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Epicure Summer 2016

What Really Makes a 5-Star Hotel? The experts weigh in

Google ‘5-Star Hotel’ and you will find a wide range of offerings with vast differences in standards. At the moment, the words ‘5-Star’ and ‘luxury hotel’ have become so ubiquitous and over-used that they have lost much of their meaning. The luxury landscape is ever-changing and without a unified global rating system (such as Michelin stars for restaurants) and with the fairly recent advent of 6 and 7 star hotels, it’s all the more convoluted. And if it’s confusing for those of us in the industry – imagine what it’s like for the consumer.

There are of course, some overall standards. In the UK, 5 star hotels must offer extensive fitness and spa facilities, valet parking, butler services, concierge services, 24-hour reception and room service, and a full afternoon tea. Star ratings here place a heavy emphasis on customer service, whereas in France, the ratings focus more on rooms, lobbies and amenities and enforced by the French Government. In Spain, hotels are ranked regionally instead of nationally, while Italian accommodations emphasise cleanliness. In the US, Forbes distinguishes between a four and five star with the following criteria: arriving guests are greeted and assisted curbside within 60 seconds of arriving, wake-up calls are delivered within two minutes of the requested time, refills at restaurants are offered within 30 seconds of the guest’s beverage being empty and no telephone call is left on hold longer than 30 seconds.

But in terms of guest expectations, is there a criteria that can be agreed upon across borders? We polled a list of some of the UK’s top travel insiders, asking them ‘What defines a 5-Star hotel?” (It should be noted that all opinions here belong to the individuals alone – they are speaking for themselves and not their respective publications).

Says Tom Chesshyre, Travel Author and Journalist for The Times: “I do not even think in terms of ‘five-star’ or ‘luxury’ hotels. In fact I try never to use the terms in my writing as they are meaningless and always have been. I judge each hotel as I find it. I am looking for somewhere that’s in an interesting location, with an interesting background story, that’s comfortable, laid-back and fun.”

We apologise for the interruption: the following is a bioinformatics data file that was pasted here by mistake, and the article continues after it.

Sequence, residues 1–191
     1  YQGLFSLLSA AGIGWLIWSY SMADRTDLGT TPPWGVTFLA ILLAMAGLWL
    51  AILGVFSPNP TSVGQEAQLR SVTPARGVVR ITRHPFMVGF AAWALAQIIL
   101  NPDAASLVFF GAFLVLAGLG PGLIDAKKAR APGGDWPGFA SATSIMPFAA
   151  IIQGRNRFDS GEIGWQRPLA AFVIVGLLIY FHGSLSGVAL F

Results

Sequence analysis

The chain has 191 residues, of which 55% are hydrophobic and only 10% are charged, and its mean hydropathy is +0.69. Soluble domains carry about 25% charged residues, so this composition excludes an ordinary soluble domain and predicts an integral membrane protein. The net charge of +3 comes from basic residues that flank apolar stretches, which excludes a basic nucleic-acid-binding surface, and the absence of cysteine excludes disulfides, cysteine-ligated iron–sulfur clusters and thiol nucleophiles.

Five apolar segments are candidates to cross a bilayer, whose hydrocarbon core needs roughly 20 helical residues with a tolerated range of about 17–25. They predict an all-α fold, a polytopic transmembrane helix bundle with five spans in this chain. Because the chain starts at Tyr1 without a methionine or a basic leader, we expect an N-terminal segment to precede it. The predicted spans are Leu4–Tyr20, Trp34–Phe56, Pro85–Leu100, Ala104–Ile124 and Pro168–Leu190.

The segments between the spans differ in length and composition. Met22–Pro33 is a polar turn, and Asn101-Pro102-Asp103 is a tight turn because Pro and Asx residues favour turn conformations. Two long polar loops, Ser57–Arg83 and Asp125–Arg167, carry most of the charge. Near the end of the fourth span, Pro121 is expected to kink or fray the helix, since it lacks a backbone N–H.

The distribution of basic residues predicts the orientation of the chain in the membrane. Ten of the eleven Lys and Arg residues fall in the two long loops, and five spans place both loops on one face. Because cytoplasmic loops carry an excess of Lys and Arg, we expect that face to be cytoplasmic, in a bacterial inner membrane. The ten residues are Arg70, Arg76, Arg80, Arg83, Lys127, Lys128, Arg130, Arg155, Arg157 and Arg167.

Spa aficionado Leo Bear who contributes to Conde Nast Traveller, Harpers Bazaar & Aspire:

“What defines a five-star hotel for me is not being asked the same question by all staff members eg. Is this your first time in the Maldives? A great turndown service (conducted when you are at breakfast and at dinner so as not to disturb), fresh milk in mini-bar, complimentary movies on demand, speedy room service and check in, healthy options on all the menus, a posh car with a well-informed driver for airport transfers, complimentary FAST wifi, complimentary water throughout resort – by pool, in spa, at gym and in-room.”

For The Sunday Times Digital Editor Alessia Horwich, it’s definitely the service. “Any hotel can put fancy furniture in the rooms and get nice sheets but to get service right is so difficult. And pace of service definitely makes a difference – I stayed in the Park Hyatt in Seoul and I wanted an iron and had to wait half an hour for it, but in a five star I don’t think you’d wait that long.

Photo courtesy of Mandarin Oriental

Everything works quickly and promptly because the kind of client they serve isn’t happy to wait and will make it known they are not impressed.”

In all of our experts’ minds, of course, there were stand-out hotels.